February 20th, 2012 / 1:37 pm
February 9th, 2012 / 9:37 am
January 2nd, 2012 / 5:33 am
January 2nd, 2012 / 5:27 am
For many years now, the United States has been complacent in its Asia-Pacific public relations, punching way below the country’s PR weight. This is now changing all of a sudden.
The US has embarked upon a considerable communications campaign across the region. Wary of China’s rapid rise, America is proactively executing a PR blitz concomitant with the diplomatic charm offensive President Obama led at the APEC Summit, the announcement of a permanent military base in Australia and advocacy of a new trans-Pacific trading bloc that would pointedly exclude China.
It is the sheer proactivity of the new American effort that I find noteworthy. In recent years the US has been on the defensive in the Asian media, reeling from a constant drumbeat of negative coverage tracing its relative weakness and decline compared to the strength and ascent of China. It is the Chinese government that has often seemed to take the lead in managing the news cycle, acting aggressive, coming across as confident. The United States, by contrast, has seemed to be in ongoing retreat, consumed by economic and political troubles at home that affect the country’s ability to sustain its interests overseas.
What a difference a decade makes. I remember when I first came to Asia the image of the United States was at its zenith in Asia. America was respected for its economic success during the Clinton era as the government ran a surplus and economic growth was a given. American entertainment was popular and the soft power of the US was unrivalled. There was also an enormous sympathy for the country in the aftermath of 9/11.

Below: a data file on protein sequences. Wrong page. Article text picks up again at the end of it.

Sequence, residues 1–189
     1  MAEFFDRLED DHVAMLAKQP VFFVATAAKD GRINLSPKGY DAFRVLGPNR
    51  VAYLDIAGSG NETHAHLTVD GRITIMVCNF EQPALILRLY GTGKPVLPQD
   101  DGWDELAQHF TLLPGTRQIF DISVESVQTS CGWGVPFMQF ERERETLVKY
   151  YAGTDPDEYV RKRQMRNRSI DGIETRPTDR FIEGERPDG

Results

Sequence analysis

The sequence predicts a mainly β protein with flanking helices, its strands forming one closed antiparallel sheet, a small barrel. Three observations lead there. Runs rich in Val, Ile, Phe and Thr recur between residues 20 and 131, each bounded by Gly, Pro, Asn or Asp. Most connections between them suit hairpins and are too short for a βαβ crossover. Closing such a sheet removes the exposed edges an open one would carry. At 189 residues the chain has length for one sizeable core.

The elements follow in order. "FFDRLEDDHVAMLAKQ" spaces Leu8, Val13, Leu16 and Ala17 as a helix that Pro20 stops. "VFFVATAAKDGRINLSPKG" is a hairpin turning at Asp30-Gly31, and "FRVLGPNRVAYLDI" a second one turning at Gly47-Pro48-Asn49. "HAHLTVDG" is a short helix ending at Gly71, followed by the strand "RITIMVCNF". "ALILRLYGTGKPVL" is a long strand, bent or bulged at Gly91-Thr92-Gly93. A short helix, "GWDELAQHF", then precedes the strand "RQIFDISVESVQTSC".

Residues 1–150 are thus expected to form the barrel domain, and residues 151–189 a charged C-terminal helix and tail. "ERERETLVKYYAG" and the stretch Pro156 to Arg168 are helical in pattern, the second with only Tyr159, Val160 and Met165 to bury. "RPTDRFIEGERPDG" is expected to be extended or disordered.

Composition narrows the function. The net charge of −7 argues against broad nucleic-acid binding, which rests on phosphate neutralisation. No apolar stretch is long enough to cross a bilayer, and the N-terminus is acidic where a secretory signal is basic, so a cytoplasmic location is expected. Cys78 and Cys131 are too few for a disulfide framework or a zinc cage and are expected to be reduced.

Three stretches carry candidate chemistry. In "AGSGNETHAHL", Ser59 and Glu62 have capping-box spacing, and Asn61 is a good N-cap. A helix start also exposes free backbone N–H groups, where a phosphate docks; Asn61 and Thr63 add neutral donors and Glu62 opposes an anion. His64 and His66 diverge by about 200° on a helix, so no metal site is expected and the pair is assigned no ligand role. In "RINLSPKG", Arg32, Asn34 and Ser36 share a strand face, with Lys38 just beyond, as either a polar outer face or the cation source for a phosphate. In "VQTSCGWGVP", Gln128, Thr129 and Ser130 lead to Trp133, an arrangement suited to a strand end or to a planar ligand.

But especially after the Iraq War in 2003 and the US-based economic meltdown of 2008, the reputation of America took a beating in Asia and from a communications perspective, the American narrative has been unimpressively random and reactive. It has been difficult to discern a strategy amid such a defensive communications context. There has also been this sense that America has become a narcissist nation, so self-absorbed in US-centrism that it is unlikely to achieve societal alignment with Asian sensibilities.
Say what you will about the Obama administration, but when it comes to Asia, it has been much more focused and effective in its communications with the region. The very act of American public relations engagement with Asia sends a signal of respect to stakeholders who are more accustomed to lectures than listening from the superpower. This more humble and friendly personality of US communications – America the student in Asia and not just the teacher – is most impressively evident in what we’re seeing on the digital diplomacy front, with innovative social media activities in south and southeast Asia.
Given the world-leading state of the public relations art in the US, it’s about time we saw the country leverage its PR prowess in support of its interests. Especially now that Asians are extrapolating China’s growth trajectory and can see it becoming the largest economy probably by the 2020s (a prospect that unnerves some neighbor nations fearing an overbearing Beijing), the perception that the United States still matters and is aligned with Asian interests will demand even more robust communications in the future.